"It's just not up to speed yet," Zorn said. "That's the broad view. It really has to do with technique and execution of the play. Going fast. And we're not there yet."

Take, for instance, a play on the Redskins' second possession, when they already held a 3-0 lead. It was third and five from the Steelers 25, and Campbell had wide receiver Antwaan Randle El on a crossing pattern from right to left. Pittsburgh safety Troy Polamalu trailed Randle El slightly. Campbell's throw was behind Randle El. It fell incomplete.

"If Jason makes a decent throw, he strains for the first down," Zorn said. "Now, we're deep into the red zone. We have a chance to again get three more plays to try to get that ball in. It stopped us.

"Several occasions were like that, where the ball was not thrown accurately. That really hurt us. Some of those were combinations of Jason feeling the pressure, throwing it early or throwing it poorly. And then some of them were [when] we just didn't have a good enough route by the receiver or receivers to give Jason a chance to really throw the ball in there."

To some extent, Zorn said the stalled progress of the offense is understandable given that this is the players' first season in his system. He emphasized he is pleased with their work habits and effort in games. Still, "I think the negative part of where we're at, it's the execution," he said. "Being together, playing together for a long period of time [helps], and we haven't done that in the schemes we're in."

But the results over the first half of the season -- including wins at Dallas and at Philadelphia -- raised the idea of what is possible for the team. "All our goals are still out there," defensive tackle Cornelius Griffin said.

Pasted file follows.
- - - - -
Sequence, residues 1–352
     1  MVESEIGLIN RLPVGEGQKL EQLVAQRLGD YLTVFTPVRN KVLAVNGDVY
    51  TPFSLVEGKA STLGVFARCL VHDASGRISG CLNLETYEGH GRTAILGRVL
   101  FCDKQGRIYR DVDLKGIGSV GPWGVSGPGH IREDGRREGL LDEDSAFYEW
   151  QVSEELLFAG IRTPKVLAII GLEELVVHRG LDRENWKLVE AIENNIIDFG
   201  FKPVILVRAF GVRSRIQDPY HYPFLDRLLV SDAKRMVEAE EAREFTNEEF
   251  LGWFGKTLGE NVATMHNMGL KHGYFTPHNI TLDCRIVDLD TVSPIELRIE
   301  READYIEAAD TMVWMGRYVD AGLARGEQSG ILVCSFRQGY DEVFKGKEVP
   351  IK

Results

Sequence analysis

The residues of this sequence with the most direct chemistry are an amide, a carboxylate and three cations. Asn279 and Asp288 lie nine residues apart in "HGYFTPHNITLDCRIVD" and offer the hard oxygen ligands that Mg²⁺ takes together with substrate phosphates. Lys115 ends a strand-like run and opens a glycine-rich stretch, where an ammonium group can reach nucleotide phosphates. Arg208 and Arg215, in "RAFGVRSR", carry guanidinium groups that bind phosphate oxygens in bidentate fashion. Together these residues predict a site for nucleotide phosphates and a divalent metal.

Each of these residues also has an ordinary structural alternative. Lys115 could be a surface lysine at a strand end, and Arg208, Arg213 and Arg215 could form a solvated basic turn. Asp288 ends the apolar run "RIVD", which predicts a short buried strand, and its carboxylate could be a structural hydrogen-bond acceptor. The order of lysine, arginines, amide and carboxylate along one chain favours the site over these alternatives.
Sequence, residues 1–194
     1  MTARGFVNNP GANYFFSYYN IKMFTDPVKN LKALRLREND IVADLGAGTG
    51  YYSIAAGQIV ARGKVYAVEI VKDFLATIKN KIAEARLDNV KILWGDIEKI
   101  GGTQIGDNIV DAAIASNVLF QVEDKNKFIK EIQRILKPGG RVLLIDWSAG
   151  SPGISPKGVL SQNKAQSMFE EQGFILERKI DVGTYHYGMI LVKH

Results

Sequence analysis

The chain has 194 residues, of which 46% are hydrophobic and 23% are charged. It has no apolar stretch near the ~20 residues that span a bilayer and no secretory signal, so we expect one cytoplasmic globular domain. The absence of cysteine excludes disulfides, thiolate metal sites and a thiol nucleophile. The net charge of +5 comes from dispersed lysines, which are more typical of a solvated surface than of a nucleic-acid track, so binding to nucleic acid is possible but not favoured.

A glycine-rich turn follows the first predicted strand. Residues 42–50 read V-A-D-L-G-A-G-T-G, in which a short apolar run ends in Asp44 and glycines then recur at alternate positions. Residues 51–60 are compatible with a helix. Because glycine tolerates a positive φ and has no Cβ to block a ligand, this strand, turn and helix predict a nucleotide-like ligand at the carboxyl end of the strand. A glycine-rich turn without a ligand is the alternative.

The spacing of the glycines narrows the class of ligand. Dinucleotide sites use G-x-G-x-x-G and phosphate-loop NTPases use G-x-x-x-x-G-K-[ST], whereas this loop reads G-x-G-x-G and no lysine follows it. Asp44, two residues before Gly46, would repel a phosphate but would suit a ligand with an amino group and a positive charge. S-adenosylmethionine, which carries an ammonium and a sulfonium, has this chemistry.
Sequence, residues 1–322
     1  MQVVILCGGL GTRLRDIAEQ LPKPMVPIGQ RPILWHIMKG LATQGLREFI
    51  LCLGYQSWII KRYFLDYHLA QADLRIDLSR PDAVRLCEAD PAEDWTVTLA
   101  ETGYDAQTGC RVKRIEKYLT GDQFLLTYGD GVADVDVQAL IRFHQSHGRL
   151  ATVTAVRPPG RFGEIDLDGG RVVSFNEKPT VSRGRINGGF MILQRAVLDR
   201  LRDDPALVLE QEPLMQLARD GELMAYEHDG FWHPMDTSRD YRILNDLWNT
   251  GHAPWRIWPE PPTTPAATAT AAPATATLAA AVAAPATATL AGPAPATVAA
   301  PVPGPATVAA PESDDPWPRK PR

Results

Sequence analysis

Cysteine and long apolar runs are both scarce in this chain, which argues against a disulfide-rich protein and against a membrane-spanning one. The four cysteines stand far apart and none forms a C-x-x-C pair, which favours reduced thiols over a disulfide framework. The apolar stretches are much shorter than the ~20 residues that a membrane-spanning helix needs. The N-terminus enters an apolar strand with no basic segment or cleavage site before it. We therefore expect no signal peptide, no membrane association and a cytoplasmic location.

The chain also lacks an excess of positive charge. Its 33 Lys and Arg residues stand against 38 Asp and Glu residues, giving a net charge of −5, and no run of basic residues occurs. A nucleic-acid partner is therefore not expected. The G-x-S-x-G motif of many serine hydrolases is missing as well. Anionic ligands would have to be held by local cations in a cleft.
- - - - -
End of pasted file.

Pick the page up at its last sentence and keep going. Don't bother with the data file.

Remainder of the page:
"I guess we've been better than expected," Kendall said, "but now I think we've raised the expectations to the point where performances like [Monday] night and the last few weeks have been a little bit disappointing."

While the players are away, Zorn and the coaching staff will try to minimize those disappointments. Zorn said they will go over specific plays and analyze the percentage of times they have been successful. And they also will get to that central point when it comes to what's not working: Is it the way the play is drawn up, or is it the way it is being carried out?

"We have to answer those questions," Zorn said.

That, then, will help answer the remaining questions about the Redskins and their prospects when they return from their week away. Zorn gave the players time off through the weekend, and they will not report back for work until Monday. The Cowboys, who are reeling but also off this week, come to FedEx Field on Nov. 16. What the coaches toss and what they keep -- and how it is all carried out by the players -- will determine whether the team returns to the playoffs.

"I feel like we're talented enough to be a very productive offense," Kendall said. "But fantasy football is just that. In the real game, you have to go out and do it, and we've struggled with that a little bit of late."

View all comments that have been posted about this article.

© 2008 The Washington Post Company